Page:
Egbin~A Tale Of One Goat By Tola Okunlola

The story below is a sequel to A Tale of Three Goats, please find the link here



“Hin hin hin… Hun hun hun…”

Iya Ijesha had returned to her vantage position on the upper floor of her one storey building, the same place where she had announced and cursed and implored her detractors to return Egbin, her missing goat. She had refused to eat, sleep or even stop crying since she got back from the police station with her #2500 still in the purse that was always fastened around her waist, between her lace embroidered underskirt and her wrapper. When she heard the news that Egbin her beloved goat was in the government’s custody, every evil seed of thought that saw a fertile ground in her mind had been uprooted. She had tied a wrapper, worn her slippers and headed to the police station.



Iya Ijesha had attacked like a maniac upon the news that Egbin had died in custody. Her beautiful Egbin that stood tall amongst a herd of goats was no more. Egbin of the snow-white hair that marked her neck out and caused other goat owners to stare. Egbin’s name wasn’t a fluke, her hair shone like silvery waters. Her horns sat like a crown on her head. And Egbin was the princess amongst goats in the area. A pallor had fallen on Iya ijesha’s household by dusk. The other goats milled in her doorway, hungry and eager to have their evening meal but it was as if they mourned the demise of Egbin too. No overt bleating was heard in the compound that night.



People commiserated with Iya Ijesha and urged her to be strong. They all understood the ramifications of Egbin’s death and advised her to make sacrifices to Osun -to help Adunni deliver safely-, to Oya -the fearless wife of Sango to fight on Adunni’s behalf. Sanponna, -to avenge Egbin’s death. She nodded her head and thanked them all. She had a bigger problem. How would she explain to Adunni that the pregnant goat whose fate was interwoven with hers had been taken to its death because it decided to squat and shamelessly open its “yansh” to pee at the roadside in the full view of government officials?




Adunni was rushed to the hospital sometime in the early hours of the morning. The sky was still veiled by darkness though the first rays of light would soon be ready to burst onto the horizon. Adunni knew this because she had taken a long look at the sky, exploring the telepathic connection between man and God by sending a prayer via her heart into the heavens. She had to deliver safely. She had looked forward to this day with churning emotions. Sometimes, she would will the days to move faster. This mostly happened in the early months of her pregnancy when her mouth secreted foamy saliva per second and her feet were permanently swollen and her mouth was primed to jettison whatever it took in. Other days, in the latter months, she began to dread the due date for the tales about delivery rooms were not mother-friendly.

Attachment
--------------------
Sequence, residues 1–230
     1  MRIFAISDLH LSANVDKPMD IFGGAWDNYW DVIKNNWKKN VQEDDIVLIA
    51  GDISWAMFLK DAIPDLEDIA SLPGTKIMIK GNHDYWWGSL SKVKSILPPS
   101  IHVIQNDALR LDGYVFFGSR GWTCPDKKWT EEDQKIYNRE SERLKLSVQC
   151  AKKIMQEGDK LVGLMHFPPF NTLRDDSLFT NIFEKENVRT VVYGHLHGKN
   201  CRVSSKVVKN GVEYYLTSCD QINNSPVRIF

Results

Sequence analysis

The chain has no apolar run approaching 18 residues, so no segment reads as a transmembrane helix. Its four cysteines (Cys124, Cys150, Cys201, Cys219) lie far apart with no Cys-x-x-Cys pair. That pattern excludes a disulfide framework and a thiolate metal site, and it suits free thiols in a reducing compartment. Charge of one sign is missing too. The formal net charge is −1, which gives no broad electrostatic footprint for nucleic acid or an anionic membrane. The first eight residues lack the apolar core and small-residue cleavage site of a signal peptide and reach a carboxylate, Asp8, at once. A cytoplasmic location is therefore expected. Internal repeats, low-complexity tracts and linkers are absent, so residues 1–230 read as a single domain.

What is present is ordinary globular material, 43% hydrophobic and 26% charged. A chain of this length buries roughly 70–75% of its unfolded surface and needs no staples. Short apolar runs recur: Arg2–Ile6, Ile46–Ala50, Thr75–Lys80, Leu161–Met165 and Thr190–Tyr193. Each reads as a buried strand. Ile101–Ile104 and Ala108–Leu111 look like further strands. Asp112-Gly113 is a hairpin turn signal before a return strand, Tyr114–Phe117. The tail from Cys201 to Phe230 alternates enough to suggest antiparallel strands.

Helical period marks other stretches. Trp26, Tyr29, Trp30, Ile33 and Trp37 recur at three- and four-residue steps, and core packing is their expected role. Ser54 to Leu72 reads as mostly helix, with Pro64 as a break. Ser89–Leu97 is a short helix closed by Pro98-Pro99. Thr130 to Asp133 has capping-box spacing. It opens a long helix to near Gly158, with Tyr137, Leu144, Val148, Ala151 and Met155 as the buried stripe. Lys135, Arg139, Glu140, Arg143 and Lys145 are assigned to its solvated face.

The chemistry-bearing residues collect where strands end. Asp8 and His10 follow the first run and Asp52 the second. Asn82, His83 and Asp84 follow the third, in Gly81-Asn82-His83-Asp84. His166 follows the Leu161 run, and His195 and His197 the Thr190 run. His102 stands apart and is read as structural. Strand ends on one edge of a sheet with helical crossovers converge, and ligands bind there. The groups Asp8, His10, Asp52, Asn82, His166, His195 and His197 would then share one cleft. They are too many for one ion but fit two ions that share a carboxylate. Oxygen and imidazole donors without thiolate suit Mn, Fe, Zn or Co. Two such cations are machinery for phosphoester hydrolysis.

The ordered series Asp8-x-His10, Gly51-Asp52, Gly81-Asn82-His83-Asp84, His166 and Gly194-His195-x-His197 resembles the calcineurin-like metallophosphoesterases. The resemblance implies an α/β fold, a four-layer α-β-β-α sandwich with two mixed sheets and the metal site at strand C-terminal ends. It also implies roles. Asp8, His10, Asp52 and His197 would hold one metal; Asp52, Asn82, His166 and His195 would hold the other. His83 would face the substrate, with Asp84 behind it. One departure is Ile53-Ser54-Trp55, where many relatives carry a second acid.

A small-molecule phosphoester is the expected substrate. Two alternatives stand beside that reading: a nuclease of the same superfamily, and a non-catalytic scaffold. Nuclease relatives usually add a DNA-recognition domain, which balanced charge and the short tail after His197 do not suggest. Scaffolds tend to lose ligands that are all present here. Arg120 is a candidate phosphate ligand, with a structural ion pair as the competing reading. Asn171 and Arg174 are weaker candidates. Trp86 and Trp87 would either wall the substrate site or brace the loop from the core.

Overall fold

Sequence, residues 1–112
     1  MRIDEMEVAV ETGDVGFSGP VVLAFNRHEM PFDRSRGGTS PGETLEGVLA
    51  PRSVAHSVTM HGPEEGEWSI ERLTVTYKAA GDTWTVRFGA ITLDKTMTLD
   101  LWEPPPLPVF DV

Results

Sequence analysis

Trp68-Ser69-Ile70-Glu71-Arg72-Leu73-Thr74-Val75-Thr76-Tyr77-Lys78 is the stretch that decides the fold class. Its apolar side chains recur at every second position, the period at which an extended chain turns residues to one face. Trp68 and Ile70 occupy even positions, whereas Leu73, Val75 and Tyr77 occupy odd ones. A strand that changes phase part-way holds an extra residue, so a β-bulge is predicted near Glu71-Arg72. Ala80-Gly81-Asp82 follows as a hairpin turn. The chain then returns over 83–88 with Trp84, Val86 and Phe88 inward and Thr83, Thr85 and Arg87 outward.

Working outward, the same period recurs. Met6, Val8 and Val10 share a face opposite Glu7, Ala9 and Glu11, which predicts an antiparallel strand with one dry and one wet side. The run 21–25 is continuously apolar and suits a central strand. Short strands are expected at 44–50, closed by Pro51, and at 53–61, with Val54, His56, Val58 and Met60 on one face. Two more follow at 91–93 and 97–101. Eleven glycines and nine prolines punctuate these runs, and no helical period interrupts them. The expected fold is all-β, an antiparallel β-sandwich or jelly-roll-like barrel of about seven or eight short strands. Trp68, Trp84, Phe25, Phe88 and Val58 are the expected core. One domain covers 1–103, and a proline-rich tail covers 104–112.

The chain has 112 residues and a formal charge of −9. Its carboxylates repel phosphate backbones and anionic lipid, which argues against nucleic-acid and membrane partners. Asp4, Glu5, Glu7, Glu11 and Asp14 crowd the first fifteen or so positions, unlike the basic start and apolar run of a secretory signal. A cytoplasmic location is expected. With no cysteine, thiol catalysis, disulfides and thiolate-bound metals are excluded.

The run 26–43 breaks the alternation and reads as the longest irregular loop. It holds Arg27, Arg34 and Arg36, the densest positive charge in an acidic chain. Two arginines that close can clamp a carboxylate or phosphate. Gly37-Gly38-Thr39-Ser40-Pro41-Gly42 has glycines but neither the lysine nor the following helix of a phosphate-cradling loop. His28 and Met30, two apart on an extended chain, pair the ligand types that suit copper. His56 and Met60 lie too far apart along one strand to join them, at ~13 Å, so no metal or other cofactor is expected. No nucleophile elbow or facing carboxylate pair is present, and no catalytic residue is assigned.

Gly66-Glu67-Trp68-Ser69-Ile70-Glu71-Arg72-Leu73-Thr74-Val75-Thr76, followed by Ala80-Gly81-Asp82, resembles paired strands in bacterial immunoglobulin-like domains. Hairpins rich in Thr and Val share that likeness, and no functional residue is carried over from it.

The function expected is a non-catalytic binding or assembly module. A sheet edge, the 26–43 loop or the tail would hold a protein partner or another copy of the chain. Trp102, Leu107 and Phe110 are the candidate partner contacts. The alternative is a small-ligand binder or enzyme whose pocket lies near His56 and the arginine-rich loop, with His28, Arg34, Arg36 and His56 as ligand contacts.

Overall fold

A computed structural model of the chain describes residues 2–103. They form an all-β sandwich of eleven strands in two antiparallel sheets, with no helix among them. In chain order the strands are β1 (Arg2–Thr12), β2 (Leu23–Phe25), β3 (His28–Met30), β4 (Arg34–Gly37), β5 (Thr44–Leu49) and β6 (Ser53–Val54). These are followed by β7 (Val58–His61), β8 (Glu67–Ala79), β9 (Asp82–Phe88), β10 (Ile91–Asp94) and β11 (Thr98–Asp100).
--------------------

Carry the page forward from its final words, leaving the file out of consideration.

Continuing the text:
Fast forward to 8 hours later, she was still in labour. The pain had entered uber mode, taking control of her body. They say once you can identify your problem, the remedy is within your reach. How untrue! Adunni knew the center of pain in her body. There was a clogged wheel in her lower abdomen and it was being pulled in different directions. She pulled at her hair and winced when the scalp under d uprooted strands singed but it wasn’t enough to distract her from the tightness in her lower abdomen. She needed the pain to be decentralized. She needed a full labour-free minute.   Another spasm of pain engulfed her and she yelped loudly just as the voices around began to fade into a mumble. She heard the doctor tell her to preserve her energy. 


Iya Ijesha’s cries engulfed the waiting room of St. Michaels Hospital. The nurses had begged her to keep quiet, other people had thrown disdainful glares at her, but her swollen eyes continued to fill as easily as a well during rainy season and her voice added value to the tears. When she saw the doctor enter the waiting room she rushed to meet him. He was already talking to Adunni’s husband.


“The situation with your wife is called “Cord Prolapse”. When the membranes ruptured, the umbilical cord descended before the baby and there is a possibility that the pressure of the head can pinch the cord against the pelvis and cut off blood supply to the baby. Your wife needs a Caesarean Section. Please come along to fill some necessary forms.”



Many things were going on in Iya Ijesha’s mind since the time they wheeled Adunni to another room. If only Egbin were alive. Egbin would have had a safe delivery and nobody would have cause to cut Adunni up. How could the government not see other goats to arrest other than Egbin, the goat Adunni’s in-laws brought as part of her bride price. Now, Adunni’s personal god was angry and had refused to allow her deliver the baby. Iya Ijesa was now clinging to hope, awaiting the verdict from Adunni’s personal god. Adunni’s husband held his mother-in-law’s hands awaiting science’s verdict.


The writer is on twitter as @tlatifah



5 Comments (+add yours?)

  1. sagay
    Jan 23, 2013 @ 17:43:00

    Onkowe atata…great work!


  2. cocosgist
    Jan 23, 2013 @ 17:47:36

    Na wa o!


  3. zebbook
    Jan 23, 2013 @ 18:01:32

    LOL!!!!! Brilliant!


  4. toyinfabs
    Jan 23, 2013 @ 19:38:35

    Ki edumare so Adunni layo oooo…..Adunni omo owa omo ekun, Ijesha osere onile obi. LOL.


  5. beecy cutey
    Feb 05, 2013 @ 22:19:45

    Dis is a brilliant work!!!kip it up


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